Abstract: Real-time software and hardware applications are attracting more attentions from many different areas of industry and academia due to exponentially growing markets of Cyber Physical System (CPS) and Internet of Things (IoT) devices. In order to satisfy high scalability requirements of data processing, storage, and network bandwidth from these applications, using cloud computing technologies has become one of the most cost-efficient and practical options. However, currently serviced public cloud computing technologies are originally designed for best-effort applications such as web services, and the cloud vendors’ service level agreements (SLAs) do not provide any application level Quality of Service (QoS) guarantees. In this paper, we propose a novel middleware platform, MIRRA, running between existing cloud computing technologies and real-time application servers. MIRRA provides multiple software layers to schedule real-time tasks by automatically scaling up and down virtual resources using a knowledge base with various rules, and its internal architecture consists of multiple subcomponents based on the autonomic computing architecture principles to implement the self-resource- adjustment design.

  • Resource Management Challenges for the Infinite Cloud

    Authors: William Tärneberg (Lund University), Amardeep Mehta, Johan Tordsson (Umea University), Maria Kihl (Lund University), Erik Elmroth (Umea University)

    Abstract: Cloud applications are growing more and more complex be- cause of user mobility, hardware heterogeneity, and multi- component nature. Today’s cloud infrastructure paradigm, based on distant data centers are not able to provide con- sistent performance and low enough communication latency for future applications. These discrepancies can be accom- modated using existing large-scale distributed cloud infras- tructure, also known as Infinite Cloud, which is amalgam of several Data Centres hosted by a Telecom Network. The In- finite Cloud provides opportunity for applications with high capacity, high availability, and low latency requirements. The Infinite Cloud and federated cloud paradigms intro- duce several challenges due to the heterogeneous nature of the resources of different scale, latencies due to geographi- cal locations and dynamic workload, to better accommodate distributed applications with increased diversity. Managing a vast heterogeneous infrastructure of this nature can not be done manually. Autonomous, distributed, collaborative, and self-configuring systems need to be developed to manage the resources of the Infinite Cloud in order to meet appli- cation Service Level Agreements (SLAs), and the operators’ internal management objectives. In this paper, we discuss some of the associated research challenges for such a sys- tem by formulating an optimization problem based on its constituent cost models. The decision maker takes into ac- count the computational complexity as well as stability of the optimal solution.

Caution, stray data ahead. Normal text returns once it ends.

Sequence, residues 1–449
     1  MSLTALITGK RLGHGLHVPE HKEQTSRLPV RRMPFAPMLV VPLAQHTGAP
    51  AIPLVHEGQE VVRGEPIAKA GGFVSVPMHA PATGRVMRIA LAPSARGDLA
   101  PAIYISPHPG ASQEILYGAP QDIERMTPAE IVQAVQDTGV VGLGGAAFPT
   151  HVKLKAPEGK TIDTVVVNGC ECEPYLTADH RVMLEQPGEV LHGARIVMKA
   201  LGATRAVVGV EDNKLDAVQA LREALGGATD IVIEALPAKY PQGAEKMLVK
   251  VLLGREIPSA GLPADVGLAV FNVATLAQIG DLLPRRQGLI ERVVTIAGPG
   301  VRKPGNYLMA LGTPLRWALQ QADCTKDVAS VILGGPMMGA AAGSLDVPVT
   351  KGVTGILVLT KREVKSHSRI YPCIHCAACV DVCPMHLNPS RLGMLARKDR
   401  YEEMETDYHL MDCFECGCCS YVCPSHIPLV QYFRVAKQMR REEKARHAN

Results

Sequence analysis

• Model-Based Deadtime Compensation of Virtual Machine Startup Times

    Authors: Manfred Dellkrantz, Jonas Dürango, Anders Robertsson, Maria Kihl (Lund University)